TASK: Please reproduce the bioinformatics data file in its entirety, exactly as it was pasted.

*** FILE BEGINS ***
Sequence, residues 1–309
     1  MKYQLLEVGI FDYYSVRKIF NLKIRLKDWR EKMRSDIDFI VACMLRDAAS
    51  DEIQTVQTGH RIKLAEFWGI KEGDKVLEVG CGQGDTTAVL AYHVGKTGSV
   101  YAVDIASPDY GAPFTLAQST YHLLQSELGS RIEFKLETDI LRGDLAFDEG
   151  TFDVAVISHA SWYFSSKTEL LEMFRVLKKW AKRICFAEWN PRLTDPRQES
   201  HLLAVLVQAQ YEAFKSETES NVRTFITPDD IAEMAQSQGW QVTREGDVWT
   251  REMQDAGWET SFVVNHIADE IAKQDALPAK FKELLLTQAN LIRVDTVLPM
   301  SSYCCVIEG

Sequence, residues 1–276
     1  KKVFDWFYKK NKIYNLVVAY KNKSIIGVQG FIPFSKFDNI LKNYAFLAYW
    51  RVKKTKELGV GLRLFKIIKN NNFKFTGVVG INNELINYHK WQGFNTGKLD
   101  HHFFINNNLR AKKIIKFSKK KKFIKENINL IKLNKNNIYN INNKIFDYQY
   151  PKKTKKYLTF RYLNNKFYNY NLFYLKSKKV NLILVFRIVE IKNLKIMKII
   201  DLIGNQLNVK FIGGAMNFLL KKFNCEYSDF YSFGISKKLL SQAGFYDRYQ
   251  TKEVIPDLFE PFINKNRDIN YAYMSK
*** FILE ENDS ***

Sequence, residues 1–309
     1  MKYQLLEVGI FDYYSVRKIF NLKIRLKDWR EKMRSDIDFI VACMLRDAAS
    51  DEIQTVQTGH RIKLAEFWGI KEGDKVLEVG CGQGDTTAVL AYHVGKTGSV
   101  YAVDIASPDY GAPFTLAQST YHLLQSELGS RIEFKLETDI LRGDLAFDEG
   151  TFDVAVISHA SWYFSSKTEL LEMFRVLKKW AKRICFAEWN PRLTDPRQES
   201  HLLAVLVQAQ YEAFKSETES NVRTFITPDD IAEMAQSQGW QVTREGDVWT
   251  REMQDAGWET SFVVNHIADE IAKQDALPAK FKELLLTQAN LIRVDTVLPM
   301  SSYCCVIEG

Sequence, residues 1–276
     1  KKVFDWFYKK NKIYNLVVAY KNKSIIGVQG FIPFSKFDNI LKNYAFLAYW
    51  RVKKTKELGV GLRLFKIIKN NNFKFTGVVG INNELINYHK WQGFNTGKLD
   101  HHFFINNNLR AKKIIKFSKK KKFIKENINL IKLNKNNIYN INNKIFDYQY
   151  PKKTKKYLTF RYLNNKFYNY NLFYLKSKKV NLILVFRIVE IKNLKIMKII
   201  DLIGNQLNVK FIGGAMNFLL KKFNCEYSDF YSFGISKKLL SQAGFYDRYQ
   251  TKEVIPDLFE PFINKNRDIN YAYMSK